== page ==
New york loses amazon, but good governance wins america magazine 4 gas laws

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On the other hand, we live in a world where we often have to accept the second-best possible outcome. There are a lot of distortions in the real world. For example, state and local governments routinely give tax breaks and subsidies to professional sports teams; no governor or mayor wants to let a major team leave the state or city during their watch. Sports teams bring in tourists for big events, but they do not generate many high-paying electricity distribution map jobs, and not all taxpayers are sports fans. So if this game of tax “arbitrage” is being played across the country, why not gas pain left side play the game with Amazon and at least get high-skilled jobs, as Governor Cuomo was willing to do?

The actions of our New York gang could be compared to the academic economists in the United Kingdom who supported Brexit. Their issue was simple: Why should U.K. taxpayers support a bloated European Parliament—with two locations, one in Brussels and another one in Strasbourg, as well as a General Secretariat electricity word search answers in Luxembourg—and a European Commission that is forever passing needless laws such as specifying what ingredients constitute a Greek salad? Better for Britain to just have low tariffs and reap the benefits of free trade on its own, without working with a cumbersome, highly paid European bureaucracy.

But the New York experience is different in one important respect from Brexit. We live in a world of frictions, and the long-run benefits of extricating the United Kingdom from the bloated European Union bureaucracy will come at a very high cost of job losses in the short and medium run. Meanwhile, New York is surely losing employment opportunities in the short run, but the gang who stopped Amazon are not creating orlando electricity providers massive dislocations in commerce and finance. Brexit may be a good example of a popular uprising against a bloated bureaucracy, but it certainly does not stand out as an example of prudence in collective social choice.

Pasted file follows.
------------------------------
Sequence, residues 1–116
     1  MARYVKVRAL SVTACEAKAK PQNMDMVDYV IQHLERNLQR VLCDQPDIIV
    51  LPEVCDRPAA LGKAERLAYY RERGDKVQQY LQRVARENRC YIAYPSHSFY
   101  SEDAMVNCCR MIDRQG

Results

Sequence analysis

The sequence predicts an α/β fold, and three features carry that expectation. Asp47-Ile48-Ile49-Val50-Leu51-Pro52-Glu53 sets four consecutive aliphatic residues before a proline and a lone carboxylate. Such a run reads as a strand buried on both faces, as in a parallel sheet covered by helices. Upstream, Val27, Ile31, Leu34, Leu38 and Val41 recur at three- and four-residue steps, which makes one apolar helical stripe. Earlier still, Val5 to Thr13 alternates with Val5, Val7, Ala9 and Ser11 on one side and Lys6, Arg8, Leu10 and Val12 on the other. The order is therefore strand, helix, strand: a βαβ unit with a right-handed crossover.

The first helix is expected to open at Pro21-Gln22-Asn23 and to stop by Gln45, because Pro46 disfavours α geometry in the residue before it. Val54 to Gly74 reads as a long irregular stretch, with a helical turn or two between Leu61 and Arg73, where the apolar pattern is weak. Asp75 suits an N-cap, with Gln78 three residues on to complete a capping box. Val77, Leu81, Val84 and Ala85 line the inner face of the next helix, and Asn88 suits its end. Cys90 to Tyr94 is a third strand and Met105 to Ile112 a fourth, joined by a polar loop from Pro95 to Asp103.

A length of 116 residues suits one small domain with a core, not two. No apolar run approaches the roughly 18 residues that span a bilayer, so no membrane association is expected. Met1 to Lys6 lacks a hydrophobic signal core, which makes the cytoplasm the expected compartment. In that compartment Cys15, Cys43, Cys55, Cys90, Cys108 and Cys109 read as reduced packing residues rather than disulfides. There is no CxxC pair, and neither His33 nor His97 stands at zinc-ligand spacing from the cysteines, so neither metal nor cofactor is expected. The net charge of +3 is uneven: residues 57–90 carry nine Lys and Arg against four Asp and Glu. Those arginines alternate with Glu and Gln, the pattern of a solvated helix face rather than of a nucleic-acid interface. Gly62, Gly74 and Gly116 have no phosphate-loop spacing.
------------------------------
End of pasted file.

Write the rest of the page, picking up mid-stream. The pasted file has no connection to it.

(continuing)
What is the lesson for public policy economics? The first-best cooperative outcome would be for all state and local governments across the country to refrain from tax gas tax deduction breaks and subsidies for corporations and sports teams and just compete for jobs on the basis of comparative market advantages and geographic considerations. But this is unlikely to happen. We are in the world of Nash outcomes (named for the mathematician John Nash and featured in the book A Beautiful Mind, by Sylvia Nasar, and its film adaptation). In a game governed by the Nash equilibrium, strategies and decisions have to be made on the assumption that other players electricity production in the us are operating out of less-than-perfect and less-than-altruistic objectives.

A good example of a Nash outcome would be going to dinner at a restaurant with a good number of folks, most of whom one does not routinely see, and ordering the most expensive items on the menu because you know that the bill is going to be evenly divided. Why not? Why should anyone be frugal, to keep costs down for all, if there are no assurances that the others are behaving the same way? Nash outcomes highlight gas chamber the coordination problem in all interactions among decision makers.

This action, as J.F.K. might say, is a profile in courage. It also sends a message from New York to the rest of the country that some public officials are no longer willing to play the “tax arbitrage” game, even with giants like Amazon gas gangrene. Three cheers for our New York officials who bucked their governor in a welcome show of good governance. Following the shared restaurant bill analogy, there are times when it is refreshing to see someone who does not try to play the Nash game by ordering the most expensive items on the menu.